Hummingbirds naturally gravitated toward the red.

As you play with the spray paint, you'll get more confident and start layering colors. It is so easy... and there are no mistakes.

HAVE FUN WITH THIS!  Who cares if you get some spray paint on your hands? A dab of acetone on a rag will clean them up in a jiffy! 


Step 3: So PRETTY!!!

The idea and inspiration for this instructable came out of nowhere... almost. ;-)

A few weeks ago I looked out my window at an unusually lush, green and colorful landscape and began gathering wildflowers to press.

Then Summer finally showed up and within a few days, that same landscape turned "tan".  Along with the tan, Mother Nature also added dozens of HUGE dandelion-type seed pods and other strange, furry plant creatures I'd never-ever noticed before.

Maybe I just wasn't looking all these years???  (Well... I'm looking now! ;-)

Instructables does that to a person. You start looking... then you start seeing... and imagining the possibilities.

I just grabbed my shears and started clipping whatever looked interesting. The variety of "subjects" was immensely varied and the whole process became a little addictive... to say the least! 

My apologies, but aside from a few Pansies,  I don't have a clue what flower or weed species are represented in this Instructable. Besides, you'll have different indigenous weed and flower species to choose from anyway.

I'm just SUPER excited to share the (MANY) pictures and the (FEW) simple spray paint techniques I used to preserve their beauty! No special skills or tools are needed.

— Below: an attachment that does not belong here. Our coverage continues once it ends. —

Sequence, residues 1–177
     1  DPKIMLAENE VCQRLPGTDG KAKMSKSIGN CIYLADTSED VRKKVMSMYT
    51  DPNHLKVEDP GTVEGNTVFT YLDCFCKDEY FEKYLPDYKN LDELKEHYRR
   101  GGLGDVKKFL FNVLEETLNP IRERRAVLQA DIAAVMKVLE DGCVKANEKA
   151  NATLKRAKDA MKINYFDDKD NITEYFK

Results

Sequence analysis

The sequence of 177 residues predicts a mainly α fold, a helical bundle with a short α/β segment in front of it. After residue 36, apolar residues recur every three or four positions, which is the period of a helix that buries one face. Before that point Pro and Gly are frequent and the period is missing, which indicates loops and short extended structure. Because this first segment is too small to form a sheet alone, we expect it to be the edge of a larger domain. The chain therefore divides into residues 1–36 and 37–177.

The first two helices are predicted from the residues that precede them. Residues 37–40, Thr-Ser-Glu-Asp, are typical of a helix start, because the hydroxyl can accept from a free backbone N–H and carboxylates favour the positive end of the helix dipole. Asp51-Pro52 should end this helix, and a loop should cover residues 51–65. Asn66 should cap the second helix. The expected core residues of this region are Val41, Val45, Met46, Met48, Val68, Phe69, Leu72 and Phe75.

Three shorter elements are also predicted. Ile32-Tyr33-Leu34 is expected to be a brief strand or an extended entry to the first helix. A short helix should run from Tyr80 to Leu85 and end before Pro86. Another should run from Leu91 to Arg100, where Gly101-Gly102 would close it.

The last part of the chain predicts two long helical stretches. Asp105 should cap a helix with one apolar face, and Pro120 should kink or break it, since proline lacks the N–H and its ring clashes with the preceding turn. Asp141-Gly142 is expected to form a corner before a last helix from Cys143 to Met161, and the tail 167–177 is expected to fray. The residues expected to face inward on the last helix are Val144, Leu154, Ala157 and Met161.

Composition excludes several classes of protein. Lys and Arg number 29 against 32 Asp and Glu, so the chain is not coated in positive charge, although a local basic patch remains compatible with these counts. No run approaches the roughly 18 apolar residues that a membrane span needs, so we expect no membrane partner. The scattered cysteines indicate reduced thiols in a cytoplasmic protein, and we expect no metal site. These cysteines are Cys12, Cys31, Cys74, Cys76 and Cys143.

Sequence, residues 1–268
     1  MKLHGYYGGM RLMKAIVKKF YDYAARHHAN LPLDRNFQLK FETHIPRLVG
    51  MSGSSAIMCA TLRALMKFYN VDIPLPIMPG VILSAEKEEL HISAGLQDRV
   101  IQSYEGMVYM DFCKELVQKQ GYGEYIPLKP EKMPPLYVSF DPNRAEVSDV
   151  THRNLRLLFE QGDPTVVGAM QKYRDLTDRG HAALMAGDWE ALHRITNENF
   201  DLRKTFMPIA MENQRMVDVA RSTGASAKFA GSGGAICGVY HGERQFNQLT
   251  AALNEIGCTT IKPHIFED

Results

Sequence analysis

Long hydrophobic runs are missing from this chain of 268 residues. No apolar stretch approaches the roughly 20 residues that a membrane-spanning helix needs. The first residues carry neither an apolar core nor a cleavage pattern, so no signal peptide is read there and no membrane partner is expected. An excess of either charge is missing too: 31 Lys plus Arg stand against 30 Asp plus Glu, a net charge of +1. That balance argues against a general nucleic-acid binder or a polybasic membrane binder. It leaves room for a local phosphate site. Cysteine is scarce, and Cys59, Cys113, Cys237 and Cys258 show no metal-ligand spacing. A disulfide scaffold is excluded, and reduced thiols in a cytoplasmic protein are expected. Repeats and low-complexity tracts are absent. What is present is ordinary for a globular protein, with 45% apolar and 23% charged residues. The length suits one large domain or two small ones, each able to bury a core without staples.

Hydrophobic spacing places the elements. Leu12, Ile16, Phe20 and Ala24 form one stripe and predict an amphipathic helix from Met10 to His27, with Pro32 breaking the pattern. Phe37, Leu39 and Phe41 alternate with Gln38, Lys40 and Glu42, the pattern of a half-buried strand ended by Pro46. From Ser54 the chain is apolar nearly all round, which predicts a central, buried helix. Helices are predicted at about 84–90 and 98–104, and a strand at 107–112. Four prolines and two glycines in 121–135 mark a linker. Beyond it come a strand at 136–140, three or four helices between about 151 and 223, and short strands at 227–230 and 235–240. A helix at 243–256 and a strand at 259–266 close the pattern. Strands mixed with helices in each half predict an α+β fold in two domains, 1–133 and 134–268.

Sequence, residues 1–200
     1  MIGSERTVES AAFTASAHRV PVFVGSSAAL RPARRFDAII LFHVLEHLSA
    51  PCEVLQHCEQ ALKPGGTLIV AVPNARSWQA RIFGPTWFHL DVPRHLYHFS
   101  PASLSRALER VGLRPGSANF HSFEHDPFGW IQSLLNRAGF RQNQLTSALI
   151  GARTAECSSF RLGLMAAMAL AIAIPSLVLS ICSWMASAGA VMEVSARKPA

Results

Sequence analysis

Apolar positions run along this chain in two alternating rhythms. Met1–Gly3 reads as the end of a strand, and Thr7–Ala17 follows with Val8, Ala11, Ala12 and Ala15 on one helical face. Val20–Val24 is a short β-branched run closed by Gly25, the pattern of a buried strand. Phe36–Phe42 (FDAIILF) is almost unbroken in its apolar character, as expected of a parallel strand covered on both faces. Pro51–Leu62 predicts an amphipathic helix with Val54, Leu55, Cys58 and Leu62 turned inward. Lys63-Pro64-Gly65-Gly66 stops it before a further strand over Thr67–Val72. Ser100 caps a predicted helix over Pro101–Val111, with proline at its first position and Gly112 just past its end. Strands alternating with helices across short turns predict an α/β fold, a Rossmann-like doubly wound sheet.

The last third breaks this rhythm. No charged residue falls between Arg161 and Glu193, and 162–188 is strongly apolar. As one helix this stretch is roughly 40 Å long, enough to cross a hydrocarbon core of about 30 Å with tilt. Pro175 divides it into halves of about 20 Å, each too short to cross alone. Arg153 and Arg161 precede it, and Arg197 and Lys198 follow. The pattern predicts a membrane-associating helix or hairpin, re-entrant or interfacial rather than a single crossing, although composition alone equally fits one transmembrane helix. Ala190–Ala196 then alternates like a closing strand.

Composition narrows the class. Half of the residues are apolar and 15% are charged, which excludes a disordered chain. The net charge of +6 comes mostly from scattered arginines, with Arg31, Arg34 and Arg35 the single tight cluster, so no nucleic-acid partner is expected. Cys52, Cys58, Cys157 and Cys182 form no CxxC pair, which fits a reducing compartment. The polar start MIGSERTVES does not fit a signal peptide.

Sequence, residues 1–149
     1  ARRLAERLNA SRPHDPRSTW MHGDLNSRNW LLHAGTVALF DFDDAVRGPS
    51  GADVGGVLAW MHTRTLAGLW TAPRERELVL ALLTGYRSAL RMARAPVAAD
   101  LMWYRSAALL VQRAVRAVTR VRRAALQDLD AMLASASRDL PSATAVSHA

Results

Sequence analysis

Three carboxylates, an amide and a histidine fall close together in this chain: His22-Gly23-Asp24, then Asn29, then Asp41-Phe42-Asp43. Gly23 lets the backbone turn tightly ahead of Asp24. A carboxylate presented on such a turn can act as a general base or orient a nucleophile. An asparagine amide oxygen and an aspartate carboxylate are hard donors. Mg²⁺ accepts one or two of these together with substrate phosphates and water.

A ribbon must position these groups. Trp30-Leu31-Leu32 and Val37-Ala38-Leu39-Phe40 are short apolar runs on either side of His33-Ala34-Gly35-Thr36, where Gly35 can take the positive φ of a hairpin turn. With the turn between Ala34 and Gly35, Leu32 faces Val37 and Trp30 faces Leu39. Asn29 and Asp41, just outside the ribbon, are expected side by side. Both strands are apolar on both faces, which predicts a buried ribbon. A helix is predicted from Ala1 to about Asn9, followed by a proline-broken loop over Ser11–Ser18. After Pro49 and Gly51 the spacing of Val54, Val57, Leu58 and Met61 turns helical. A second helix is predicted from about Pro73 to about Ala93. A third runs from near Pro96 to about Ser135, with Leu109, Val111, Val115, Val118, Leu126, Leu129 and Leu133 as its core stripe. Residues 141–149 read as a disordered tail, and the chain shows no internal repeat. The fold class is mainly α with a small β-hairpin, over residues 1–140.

I think you can glean a GAJILLION different ideas on how to present these spray paint-enhanced beauties.

Bouquets and Table centerpieces are just the beginning.

I've got a few ideas of my own... but I'm sure you knew that already! ;-D

Thank you for visiting my Instructable!

2nd Annual Krylon Summer Contest

Finalist in the
2nd Annual Krylon Summer Contest



    • Woodworking Contest

      Woodworking Contest
    • Colors of the Rainbow Contest

      Colors of the Rainbow Contest
    • Pets Challenge

      Pets Challenge

    We have a be nice policy.
    Please be positive and constructive.




    I've been weighing my options on how to use weeds to make model railroad trees for quite some time. Like any other dead plant, they fall apart on their own eventually without a fixative. I looked at Design Master paints, but they're hard to find except online and even then are expensive. I'm going to give this a try with the Krylon matte clear (UV resistant variant possibly), and then regular cheap flat green and brown sprays for the color.

    1 reply

    I make faerie houses and sometimes use grape stems to make trees. I just let them dry out, but spraying them with the Krylon would certainly make them stronger.

    I recently inherited a family Bible over 100 years old. Inside I found an oak leaf that is intact - but is just the "skeleton" of the leaf. I want to preserve it and frame it. Obviously I only have one chance to get it right. Should I spray it with clear spay paint? Ideas? Options? Experiences?

    Do you need to spray with the clear coats before color coats . I live in the foothills and have access to so many different things that others may cosider weeds but once colred would be great on in a craft . Thank you for sharing your infornation .